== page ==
Fulton County commissioners on Wednesday passed a resolution urging Sheriff Ted Jackson to stop cooperating with federal immigration authorities under a variety of conditions.
Fulton is the first Georgia county to pass such a resolution amid a nationwide debate over the issue, according to the American Civil Liberties Union Foundation of Georgia, which hailed the commissioners’ action. Scores of other jurisdictions have approved similar measures, including Cook County, Ill.; the District of Columbia; and New York City.
Approved by a vote of 6-0 with Commissioner Liz Hausmann abstaining, Fulton’s resolution urges Jackson to prevent U.S. Immigration and Customs Enforcement from using county facilities for “investigative interviews or other purposes.”
“County personnel shall not expend their time responding to ICE inquiries or communicating with ICE regarding individual incarceration status or release dates while on duty,” the resolution says, “unless ICE agents have a criminal warrant, or unless county officials have a legitimate law enforcement purpose that is not related to the enforcement of immigration law.”
The resolution also focuses on requests — called detainers – that ICE routinely issues to local jails and state prisons. The detainers allow jails and prisons to hold people for an additional 48 hours — excluding weekends and holidays — after they would otherwise be released. This gives ICE time to take custody of inmates and attempt to deport them.
Quoting the ACLU, the resolution says such detainers could “undermine the trust between local law enforcement and the immigrant community.” It also says Jackson should stop complying with the detainers until Fulton reaches a written agreement with the federal government for reimbursing the county for all its costs to comply with them.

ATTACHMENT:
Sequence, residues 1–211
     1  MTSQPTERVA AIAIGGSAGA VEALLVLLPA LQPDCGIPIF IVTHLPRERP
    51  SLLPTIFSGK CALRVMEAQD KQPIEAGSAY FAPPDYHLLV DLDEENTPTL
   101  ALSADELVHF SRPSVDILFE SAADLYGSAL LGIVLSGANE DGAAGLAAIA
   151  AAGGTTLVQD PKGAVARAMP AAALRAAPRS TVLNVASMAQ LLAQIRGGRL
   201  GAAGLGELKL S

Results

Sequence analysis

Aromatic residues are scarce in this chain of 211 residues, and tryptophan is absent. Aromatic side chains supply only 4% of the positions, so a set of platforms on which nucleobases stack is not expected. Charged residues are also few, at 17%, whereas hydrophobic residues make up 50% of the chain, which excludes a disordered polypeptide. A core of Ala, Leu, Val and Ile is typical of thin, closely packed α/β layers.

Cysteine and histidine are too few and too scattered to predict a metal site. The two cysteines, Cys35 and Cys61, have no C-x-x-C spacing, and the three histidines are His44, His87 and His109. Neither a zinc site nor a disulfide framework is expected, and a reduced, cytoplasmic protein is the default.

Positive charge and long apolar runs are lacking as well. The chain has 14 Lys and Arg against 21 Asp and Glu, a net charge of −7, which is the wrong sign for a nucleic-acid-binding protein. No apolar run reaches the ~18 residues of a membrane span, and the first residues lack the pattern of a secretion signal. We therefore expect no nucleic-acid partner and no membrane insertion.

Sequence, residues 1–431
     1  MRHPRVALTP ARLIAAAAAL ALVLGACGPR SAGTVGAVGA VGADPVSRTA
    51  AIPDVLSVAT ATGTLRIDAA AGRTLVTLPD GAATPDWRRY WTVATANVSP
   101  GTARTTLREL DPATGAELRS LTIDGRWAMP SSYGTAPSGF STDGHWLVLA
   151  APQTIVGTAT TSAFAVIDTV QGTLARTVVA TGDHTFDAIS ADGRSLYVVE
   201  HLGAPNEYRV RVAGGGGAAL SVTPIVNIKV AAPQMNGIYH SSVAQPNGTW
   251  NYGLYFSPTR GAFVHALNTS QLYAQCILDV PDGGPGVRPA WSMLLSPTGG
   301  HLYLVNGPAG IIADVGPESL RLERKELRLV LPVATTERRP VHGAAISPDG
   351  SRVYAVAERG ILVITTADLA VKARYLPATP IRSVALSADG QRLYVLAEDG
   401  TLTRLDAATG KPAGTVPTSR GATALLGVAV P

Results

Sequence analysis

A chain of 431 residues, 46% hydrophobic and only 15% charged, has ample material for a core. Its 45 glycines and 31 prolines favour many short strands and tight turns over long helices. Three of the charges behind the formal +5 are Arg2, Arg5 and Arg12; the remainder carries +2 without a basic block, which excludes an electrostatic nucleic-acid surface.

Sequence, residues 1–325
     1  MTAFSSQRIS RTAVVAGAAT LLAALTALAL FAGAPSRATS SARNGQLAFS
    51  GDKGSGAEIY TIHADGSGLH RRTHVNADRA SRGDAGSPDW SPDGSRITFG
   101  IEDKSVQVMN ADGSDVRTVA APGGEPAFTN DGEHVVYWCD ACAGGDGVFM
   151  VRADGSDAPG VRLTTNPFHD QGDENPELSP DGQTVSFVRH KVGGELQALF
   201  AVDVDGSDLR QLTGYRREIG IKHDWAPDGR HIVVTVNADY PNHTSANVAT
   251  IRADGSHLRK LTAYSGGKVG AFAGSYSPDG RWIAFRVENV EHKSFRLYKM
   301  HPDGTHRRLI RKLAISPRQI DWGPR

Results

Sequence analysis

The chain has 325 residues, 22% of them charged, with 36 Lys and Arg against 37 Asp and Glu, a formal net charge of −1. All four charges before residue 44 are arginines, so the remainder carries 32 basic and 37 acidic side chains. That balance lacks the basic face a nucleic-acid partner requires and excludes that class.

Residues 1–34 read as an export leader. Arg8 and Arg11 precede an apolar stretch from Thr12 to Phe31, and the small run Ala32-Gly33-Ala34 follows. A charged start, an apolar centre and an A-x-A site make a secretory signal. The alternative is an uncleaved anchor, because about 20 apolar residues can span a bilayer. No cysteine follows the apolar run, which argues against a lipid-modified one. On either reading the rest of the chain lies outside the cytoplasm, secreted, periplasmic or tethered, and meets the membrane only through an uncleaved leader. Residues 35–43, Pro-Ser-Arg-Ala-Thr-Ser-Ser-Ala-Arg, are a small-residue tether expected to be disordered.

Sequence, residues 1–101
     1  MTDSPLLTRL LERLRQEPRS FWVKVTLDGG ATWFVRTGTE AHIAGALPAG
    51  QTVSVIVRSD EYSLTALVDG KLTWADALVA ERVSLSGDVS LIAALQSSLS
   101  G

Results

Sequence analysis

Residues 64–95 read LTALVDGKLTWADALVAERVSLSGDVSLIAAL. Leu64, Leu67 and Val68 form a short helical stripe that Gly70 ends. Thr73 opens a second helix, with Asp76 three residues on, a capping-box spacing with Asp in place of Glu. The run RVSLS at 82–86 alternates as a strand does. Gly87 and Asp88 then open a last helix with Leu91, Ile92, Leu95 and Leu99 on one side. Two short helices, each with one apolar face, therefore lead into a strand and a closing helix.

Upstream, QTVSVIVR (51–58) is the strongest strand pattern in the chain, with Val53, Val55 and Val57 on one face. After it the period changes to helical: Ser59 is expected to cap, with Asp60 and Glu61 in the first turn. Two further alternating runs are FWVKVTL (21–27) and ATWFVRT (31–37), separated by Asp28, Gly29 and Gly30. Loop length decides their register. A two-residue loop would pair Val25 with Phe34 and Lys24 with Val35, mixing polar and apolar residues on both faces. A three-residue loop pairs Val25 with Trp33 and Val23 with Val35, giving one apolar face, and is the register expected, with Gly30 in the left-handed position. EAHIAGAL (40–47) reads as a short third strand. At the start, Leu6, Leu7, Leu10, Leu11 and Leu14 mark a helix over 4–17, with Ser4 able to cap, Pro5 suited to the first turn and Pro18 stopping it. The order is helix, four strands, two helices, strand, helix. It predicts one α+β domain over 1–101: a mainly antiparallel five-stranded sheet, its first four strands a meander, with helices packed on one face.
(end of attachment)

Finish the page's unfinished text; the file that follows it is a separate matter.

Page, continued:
The Fulton Sheriff’s Office estimated that less than 1 percent of the county’s 40,113 inmates in 2013 — or fewer than 401 — were the subject of ICE detainers. The jail notifies federal immigration officials when it is about to release such inmates, a spokeswoman for Jackson said, but it does not hold them any longer once they are scheduled for release.
ICE had no immediate comment late Wednesday afternoon.
Fulton Commission Chairman John Eaves said he voted for Wednesday’s resolution after listening to the immigrant community’s concerns.
“I have several concerns about this policy of detainer requests,” Eaves said in a prepared statement. “Among them is the fundamental fairness of the requests, the damage they may inflict upon the relationship between our law enforcement officers and our immigrant community, as well as the unreimbursed cost of the detainers being passed on to Fulton County taxpayers.”
An ACLU official praised the commissioners’ action Wednesday, calling it a significant development.
“We are happy that Fulton County has recognized that immigration holds are an unfunded mandate,” said Azadeh Shahshahani, a national security/immigrants’ rights project director for the ACLU. “We hope that other counties in Georgia will soon follow suit.”
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